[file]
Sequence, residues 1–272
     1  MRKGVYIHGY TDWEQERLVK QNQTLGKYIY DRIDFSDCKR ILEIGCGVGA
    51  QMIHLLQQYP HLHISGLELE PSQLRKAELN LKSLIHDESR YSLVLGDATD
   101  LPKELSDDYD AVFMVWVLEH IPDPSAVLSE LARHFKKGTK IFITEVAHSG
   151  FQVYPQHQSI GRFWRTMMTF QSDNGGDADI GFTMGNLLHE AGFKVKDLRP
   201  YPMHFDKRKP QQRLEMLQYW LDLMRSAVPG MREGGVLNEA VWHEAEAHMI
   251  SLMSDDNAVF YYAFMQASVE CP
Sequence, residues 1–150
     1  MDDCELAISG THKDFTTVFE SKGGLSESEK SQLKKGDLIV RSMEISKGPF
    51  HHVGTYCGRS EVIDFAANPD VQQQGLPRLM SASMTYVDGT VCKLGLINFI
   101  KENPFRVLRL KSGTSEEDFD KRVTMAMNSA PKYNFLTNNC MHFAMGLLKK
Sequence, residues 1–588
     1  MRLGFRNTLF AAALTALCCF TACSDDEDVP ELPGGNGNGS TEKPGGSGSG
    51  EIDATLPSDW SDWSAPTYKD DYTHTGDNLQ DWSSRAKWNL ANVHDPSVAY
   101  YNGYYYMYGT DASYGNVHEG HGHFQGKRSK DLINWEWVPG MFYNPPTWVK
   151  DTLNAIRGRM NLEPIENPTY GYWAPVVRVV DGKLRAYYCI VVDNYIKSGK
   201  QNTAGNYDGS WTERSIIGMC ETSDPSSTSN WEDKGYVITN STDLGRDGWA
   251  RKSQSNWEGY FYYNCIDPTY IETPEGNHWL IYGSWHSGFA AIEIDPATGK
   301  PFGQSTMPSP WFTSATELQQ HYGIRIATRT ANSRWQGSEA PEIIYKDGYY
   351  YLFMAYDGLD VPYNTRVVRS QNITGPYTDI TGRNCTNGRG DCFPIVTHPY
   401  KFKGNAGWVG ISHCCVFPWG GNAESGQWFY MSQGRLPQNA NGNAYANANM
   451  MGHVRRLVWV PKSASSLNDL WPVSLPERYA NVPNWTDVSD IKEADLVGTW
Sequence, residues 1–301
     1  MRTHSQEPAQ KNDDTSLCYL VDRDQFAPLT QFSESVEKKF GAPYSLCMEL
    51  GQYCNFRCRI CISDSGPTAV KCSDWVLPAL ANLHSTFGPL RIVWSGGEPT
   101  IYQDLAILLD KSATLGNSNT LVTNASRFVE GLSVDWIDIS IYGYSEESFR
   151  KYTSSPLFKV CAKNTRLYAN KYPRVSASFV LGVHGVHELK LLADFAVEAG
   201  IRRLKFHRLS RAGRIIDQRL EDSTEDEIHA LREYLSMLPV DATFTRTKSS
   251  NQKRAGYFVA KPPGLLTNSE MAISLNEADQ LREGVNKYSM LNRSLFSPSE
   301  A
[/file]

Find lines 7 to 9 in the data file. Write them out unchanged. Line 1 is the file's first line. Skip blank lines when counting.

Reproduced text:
   251  SLMSDDNAVF YYAFMQASVE CP
Sequence, residues 1–150
     1  MDDCELAISG THKDFTTVFE SKGGLSESEK SQLKKGDLIV RSMEISKGPF